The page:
Frozen Backfill for Open Stoping in Permafrost
CIM Edmonton 2008
Daniel Cluff, James Gallagher, Ali Jalbout, Vassilios Kazakidis, Graham Swan,
Daniel L. Cluff1, James Gallagher1, Ali Jalbout2, Vassilios Kazakidis1, Graham Swan3
(1) Laurentian University, (2) Laurentian University (Now with CVRD-INCO), (3) Xstrata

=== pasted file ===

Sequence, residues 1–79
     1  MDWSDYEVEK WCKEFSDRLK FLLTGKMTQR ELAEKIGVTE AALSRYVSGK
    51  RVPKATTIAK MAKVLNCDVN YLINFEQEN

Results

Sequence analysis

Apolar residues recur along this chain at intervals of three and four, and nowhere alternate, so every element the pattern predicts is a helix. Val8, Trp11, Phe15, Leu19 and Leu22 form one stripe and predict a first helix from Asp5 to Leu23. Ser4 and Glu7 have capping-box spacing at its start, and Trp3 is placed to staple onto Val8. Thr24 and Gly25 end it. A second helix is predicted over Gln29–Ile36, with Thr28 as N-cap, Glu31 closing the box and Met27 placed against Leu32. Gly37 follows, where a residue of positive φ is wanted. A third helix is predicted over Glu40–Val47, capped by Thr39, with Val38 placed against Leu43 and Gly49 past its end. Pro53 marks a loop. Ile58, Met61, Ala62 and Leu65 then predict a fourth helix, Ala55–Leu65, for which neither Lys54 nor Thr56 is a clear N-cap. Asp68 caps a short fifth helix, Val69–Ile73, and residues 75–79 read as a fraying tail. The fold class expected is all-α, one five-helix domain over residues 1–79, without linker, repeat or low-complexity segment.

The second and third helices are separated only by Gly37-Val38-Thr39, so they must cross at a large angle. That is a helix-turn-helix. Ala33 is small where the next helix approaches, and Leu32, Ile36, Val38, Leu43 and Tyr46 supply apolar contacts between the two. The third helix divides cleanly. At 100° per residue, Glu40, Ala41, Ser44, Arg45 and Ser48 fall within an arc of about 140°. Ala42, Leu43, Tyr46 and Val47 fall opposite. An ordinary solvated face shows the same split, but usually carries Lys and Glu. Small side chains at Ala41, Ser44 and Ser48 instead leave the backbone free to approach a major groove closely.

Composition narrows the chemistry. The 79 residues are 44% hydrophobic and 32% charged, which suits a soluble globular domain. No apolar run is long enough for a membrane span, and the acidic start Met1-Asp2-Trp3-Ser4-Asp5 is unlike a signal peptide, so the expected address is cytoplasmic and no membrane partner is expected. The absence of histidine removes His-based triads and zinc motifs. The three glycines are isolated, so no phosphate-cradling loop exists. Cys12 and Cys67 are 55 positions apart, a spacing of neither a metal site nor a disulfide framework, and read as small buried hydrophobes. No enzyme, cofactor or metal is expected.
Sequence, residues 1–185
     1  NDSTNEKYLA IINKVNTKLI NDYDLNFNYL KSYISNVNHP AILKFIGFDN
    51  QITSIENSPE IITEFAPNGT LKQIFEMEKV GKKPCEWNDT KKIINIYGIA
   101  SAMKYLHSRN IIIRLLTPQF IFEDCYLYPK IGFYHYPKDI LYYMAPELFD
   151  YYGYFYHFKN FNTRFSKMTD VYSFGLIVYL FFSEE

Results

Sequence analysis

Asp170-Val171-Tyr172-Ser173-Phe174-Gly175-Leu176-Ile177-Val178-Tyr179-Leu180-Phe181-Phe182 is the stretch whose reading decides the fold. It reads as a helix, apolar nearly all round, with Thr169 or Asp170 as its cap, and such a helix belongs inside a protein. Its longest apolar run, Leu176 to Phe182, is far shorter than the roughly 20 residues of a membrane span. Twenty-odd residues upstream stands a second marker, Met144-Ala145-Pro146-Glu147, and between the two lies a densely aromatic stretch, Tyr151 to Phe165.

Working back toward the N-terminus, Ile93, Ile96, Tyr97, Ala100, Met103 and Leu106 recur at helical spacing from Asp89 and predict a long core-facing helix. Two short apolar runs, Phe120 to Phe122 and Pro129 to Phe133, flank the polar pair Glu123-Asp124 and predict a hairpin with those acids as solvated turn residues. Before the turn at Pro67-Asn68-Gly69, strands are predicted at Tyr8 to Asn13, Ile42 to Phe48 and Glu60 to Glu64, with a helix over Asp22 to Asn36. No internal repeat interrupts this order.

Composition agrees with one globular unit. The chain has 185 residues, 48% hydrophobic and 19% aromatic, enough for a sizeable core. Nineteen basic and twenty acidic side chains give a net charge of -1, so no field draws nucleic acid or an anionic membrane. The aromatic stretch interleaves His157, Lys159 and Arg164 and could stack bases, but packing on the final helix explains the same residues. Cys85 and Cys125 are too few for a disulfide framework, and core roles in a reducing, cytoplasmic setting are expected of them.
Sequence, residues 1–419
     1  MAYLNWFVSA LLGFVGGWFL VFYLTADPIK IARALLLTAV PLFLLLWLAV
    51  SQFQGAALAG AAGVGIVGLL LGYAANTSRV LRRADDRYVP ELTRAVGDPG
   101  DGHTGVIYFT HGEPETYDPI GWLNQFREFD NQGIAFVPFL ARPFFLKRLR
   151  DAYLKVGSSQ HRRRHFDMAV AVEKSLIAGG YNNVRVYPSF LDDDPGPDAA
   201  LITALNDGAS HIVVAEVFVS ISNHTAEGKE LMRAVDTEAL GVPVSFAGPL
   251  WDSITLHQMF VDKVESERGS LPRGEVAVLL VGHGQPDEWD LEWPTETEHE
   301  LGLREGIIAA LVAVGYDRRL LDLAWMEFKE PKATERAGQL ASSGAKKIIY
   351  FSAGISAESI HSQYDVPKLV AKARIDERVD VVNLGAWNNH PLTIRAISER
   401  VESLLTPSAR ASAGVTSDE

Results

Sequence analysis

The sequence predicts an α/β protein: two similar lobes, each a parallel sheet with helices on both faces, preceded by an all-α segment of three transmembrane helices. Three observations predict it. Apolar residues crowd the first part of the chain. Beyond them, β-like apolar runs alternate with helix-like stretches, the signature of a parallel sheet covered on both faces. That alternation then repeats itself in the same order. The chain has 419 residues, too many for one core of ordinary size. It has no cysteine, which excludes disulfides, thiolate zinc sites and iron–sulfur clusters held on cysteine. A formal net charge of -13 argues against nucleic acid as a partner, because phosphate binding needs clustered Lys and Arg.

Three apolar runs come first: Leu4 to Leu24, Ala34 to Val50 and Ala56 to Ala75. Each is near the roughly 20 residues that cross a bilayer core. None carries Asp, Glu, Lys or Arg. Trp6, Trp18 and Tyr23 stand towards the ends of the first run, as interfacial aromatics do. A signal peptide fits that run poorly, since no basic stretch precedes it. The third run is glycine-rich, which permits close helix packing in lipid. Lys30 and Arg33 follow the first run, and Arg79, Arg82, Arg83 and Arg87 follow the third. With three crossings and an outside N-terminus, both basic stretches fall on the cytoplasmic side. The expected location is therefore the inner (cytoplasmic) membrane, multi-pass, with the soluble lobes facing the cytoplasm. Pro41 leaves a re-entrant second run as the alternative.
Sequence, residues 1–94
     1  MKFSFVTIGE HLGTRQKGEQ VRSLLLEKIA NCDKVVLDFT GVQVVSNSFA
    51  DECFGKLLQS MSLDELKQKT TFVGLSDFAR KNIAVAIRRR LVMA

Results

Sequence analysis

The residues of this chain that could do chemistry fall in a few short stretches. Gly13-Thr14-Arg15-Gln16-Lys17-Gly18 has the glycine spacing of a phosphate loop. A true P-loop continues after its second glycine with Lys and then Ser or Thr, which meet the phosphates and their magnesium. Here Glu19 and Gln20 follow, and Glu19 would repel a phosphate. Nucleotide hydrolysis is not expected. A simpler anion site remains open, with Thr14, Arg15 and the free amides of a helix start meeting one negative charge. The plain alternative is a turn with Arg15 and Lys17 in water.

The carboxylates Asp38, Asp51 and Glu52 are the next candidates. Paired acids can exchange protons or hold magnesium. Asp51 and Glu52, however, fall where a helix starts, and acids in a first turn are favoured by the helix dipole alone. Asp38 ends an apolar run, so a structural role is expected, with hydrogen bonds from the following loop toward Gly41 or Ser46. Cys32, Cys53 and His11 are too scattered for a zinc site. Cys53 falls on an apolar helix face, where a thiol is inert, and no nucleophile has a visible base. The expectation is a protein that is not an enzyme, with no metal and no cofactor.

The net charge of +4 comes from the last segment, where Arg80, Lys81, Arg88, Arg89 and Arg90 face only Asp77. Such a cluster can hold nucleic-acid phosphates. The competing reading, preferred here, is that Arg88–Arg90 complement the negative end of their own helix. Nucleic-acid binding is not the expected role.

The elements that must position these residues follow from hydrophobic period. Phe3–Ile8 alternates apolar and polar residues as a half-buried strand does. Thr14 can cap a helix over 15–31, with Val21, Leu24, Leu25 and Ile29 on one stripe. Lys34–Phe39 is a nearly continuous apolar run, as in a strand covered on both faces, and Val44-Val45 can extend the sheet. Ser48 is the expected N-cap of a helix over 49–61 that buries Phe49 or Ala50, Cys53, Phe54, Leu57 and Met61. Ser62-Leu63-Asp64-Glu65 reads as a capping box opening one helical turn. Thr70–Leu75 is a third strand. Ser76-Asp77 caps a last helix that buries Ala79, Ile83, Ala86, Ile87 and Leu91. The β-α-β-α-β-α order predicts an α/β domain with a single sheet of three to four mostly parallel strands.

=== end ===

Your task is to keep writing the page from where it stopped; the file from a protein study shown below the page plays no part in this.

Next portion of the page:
The Canadian mining industry needs to find viable alternatives to the conventional cemented pastefill/hydraulic methods of backfilling open stopes for underground mines located within a permafrost zone. The harsh environment and the isolated location of a mine north of 60° impose additional challenges to standard backfill methods and opportunities to the technological and operational issues related to the use of frozen fill. Underground open stoping mining methods require the placement of fill material to enable the controlled recovery of ore from secondary and tertiary stopes. The typical design of the fill material requires the specification of inert material, water and binder. The permafrost conditions provide the additional parameter of subzero temperatures for backfill design and process control. The paper presents the results of an experimental field study, using large size samples, to determine the strength capacity of frozen backfill. The experimental work was performed utilizing rockfill and tailings material with moisture content consisting of water and ice crystals. Preliminary results indicate that the mixture of rockfill, tailings and moisture, develops strength that meet the demanded requirements for open stoping. A thermal equilibrium modelling analysis is presented in the paper.